Why internet companies are freaking out about Fort Collins broadband measure

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FORT COLLINS, Colo. -- We all admit the internet is a necessity. However, should it be a public utility worthy of government operated broadband?

That is the question Fort Collins voters will decide on Tuesday.

Measure 2B would allow City Council to authorize a $150 million bond to build their own internet.

Residents could then get their internet through the city and not a private provider, like Comcast.

Comcast and the City would be in direct competition.

"It's no longer a luxury, it's a quality of life item," Colin Garfield, the organizer behind the campaign said.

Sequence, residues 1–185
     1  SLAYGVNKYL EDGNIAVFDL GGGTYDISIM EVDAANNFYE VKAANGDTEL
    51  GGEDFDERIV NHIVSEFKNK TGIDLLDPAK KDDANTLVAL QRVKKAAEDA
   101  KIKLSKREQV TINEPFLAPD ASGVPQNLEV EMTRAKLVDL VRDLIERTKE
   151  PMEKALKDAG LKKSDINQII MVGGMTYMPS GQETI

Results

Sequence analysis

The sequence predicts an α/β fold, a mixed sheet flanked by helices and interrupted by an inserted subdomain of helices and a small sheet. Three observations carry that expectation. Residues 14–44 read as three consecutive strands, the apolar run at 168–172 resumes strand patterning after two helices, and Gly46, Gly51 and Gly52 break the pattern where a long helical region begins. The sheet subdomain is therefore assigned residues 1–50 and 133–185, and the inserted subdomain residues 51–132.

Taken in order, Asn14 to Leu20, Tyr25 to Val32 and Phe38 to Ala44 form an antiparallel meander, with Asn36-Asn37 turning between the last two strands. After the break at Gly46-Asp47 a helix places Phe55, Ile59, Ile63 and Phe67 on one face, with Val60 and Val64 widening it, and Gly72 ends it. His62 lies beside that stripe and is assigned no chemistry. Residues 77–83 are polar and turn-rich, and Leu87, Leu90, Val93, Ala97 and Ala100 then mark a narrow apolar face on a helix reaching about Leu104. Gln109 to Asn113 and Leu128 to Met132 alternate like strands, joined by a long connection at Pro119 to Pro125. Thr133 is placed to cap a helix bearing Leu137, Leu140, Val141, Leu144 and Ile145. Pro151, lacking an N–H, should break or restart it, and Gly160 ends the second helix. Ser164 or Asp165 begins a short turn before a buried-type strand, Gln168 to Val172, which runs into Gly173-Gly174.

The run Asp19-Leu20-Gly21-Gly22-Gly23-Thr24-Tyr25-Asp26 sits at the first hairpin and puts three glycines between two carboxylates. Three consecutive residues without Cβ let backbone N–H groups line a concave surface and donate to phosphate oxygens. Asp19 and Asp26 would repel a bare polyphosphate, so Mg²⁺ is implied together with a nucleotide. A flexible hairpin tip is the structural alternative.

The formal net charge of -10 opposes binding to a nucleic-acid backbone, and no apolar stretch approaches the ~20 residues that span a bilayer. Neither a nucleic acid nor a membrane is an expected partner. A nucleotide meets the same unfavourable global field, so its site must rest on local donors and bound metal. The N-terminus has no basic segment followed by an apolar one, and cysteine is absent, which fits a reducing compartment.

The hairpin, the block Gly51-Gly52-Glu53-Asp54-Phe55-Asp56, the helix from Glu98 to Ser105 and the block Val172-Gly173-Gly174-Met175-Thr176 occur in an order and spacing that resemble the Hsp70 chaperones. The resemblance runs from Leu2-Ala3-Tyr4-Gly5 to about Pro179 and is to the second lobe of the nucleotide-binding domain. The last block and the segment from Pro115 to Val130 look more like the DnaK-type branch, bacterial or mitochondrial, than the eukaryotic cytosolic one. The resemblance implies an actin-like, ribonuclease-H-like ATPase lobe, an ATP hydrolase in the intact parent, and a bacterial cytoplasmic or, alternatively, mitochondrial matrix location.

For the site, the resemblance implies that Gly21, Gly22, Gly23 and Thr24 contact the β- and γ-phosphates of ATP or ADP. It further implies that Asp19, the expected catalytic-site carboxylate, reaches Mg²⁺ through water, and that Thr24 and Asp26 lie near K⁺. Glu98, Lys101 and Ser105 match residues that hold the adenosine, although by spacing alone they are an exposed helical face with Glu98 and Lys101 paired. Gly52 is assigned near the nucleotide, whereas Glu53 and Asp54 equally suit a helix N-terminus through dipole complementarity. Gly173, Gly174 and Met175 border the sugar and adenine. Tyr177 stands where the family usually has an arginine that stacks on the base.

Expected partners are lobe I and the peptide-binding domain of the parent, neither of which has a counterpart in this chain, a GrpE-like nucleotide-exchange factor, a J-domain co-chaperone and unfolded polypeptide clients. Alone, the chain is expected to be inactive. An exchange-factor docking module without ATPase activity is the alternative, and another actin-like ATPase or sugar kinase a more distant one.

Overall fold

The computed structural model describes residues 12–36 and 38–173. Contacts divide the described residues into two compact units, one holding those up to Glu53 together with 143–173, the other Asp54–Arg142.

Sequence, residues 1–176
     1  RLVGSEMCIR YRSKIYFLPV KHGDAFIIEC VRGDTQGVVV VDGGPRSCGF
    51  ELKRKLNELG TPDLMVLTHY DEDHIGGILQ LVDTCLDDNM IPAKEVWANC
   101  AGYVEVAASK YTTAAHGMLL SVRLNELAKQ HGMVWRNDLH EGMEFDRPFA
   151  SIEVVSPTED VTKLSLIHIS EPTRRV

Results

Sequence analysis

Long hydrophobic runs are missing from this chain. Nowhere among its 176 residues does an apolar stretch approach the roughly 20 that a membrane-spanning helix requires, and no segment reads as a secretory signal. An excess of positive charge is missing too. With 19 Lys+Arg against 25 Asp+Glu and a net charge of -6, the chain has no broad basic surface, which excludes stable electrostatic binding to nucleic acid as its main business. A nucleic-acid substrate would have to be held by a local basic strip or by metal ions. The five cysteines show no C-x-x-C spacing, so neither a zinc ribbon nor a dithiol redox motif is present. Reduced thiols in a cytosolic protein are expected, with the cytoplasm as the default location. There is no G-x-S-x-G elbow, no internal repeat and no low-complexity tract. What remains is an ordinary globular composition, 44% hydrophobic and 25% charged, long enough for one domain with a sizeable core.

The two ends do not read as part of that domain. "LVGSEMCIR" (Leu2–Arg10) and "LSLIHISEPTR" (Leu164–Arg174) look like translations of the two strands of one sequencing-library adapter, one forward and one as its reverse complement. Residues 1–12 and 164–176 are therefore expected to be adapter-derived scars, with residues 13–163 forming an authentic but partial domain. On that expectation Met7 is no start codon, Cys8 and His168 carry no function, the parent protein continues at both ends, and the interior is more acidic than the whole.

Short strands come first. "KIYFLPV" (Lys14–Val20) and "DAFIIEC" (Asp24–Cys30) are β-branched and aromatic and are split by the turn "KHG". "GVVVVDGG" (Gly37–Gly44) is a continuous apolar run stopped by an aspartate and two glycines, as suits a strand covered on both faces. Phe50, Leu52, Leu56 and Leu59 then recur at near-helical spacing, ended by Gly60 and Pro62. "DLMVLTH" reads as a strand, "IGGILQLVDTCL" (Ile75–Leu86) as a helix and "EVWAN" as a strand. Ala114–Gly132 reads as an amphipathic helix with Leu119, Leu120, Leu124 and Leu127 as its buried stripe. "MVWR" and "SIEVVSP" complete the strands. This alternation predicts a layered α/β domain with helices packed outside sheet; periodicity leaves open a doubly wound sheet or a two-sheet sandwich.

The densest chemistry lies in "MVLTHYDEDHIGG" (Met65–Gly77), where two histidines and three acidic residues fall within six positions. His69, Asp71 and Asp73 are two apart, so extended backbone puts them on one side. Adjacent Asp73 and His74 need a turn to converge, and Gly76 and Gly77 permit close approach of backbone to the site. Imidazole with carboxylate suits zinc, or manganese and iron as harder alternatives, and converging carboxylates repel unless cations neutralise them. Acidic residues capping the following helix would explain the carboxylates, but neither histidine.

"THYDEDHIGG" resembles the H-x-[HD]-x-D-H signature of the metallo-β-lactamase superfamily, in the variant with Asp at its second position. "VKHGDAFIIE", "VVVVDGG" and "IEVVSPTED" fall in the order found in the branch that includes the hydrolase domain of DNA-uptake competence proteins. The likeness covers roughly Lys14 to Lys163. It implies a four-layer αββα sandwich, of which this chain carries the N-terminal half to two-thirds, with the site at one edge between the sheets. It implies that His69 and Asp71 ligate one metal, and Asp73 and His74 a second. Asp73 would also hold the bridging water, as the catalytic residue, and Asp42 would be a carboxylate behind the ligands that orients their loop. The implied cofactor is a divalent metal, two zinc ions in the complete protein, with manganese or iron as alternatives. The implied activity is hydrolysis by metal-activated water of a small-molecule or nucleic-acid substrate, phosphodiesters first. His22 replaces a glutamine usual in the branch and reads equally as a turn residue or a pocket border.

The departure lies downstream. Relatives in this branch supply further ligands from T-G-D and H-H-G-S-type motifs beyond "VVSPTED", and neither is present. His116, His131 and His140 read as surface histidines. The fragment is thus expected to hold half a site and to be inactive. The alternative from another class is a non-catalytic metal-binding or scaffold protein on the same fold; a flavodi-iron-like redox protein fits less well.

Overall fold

"This is literally our one shot at doing this and if we don't get this passed we may never have this opportunity again," Garfield added.

The idea of government-run internet does not sit too well with the Colorado Cable and Telecom Association. In recent days they have contributed to $300,000 to fund TV commercials airing statewide.

A recent commercial by First Priorities Fort Collins tells residents that a $150 million bond should be spent on transportation, not internet.

But Ron Rizzuto, a professor of finance at the University of Denver, says people should be skeptical of approving this.

"You have rapidly changing technology," Rizzuto told FOX31 and Channel 2 Political Reporter Joe St. George.

"They may build something state of the art today but ten years from now it's not state of the art," Rizzuto added.

The $150 million bond measure would be paid back by people who use the internet service if it passes.

However if the infrastructure fails, all Fort Collins taxpayers would likely be on the hook in order to pay the bond back.

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